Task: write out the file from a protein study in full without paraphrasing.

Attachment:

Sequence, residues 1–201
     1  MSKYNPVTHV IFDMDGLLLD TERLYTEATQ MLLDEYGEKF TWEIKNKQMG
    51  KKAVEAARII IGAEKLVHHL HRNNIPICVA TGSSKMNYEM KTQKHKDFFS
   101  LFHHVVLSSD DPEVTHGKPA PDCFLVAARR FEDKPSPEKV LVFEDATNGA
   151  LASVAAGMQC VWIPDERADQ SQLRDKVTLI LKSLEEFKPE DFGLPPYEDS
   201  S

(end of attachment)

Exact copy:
Sequence, residues 1–201
     1  MSKYNPVTHV IFDMDGLLLD TERLYTEATQ MLLDEYGEKF TWEIKNKQMG
    51  KKAVEAARII IGAEKLVHHL HRNNIPICVA TGSSKMNYEM KTQKHKDFFS
   101  LFHHVVLSSD DPEVTHGKPA PDCFLVAARR FEDKPSPEKV LVFEDATNGA
   151  LASVAAGMQC VWIPDERADQ SQLRDKVTLI LKSLEEFKPE DFGLPPYEDS
   201  S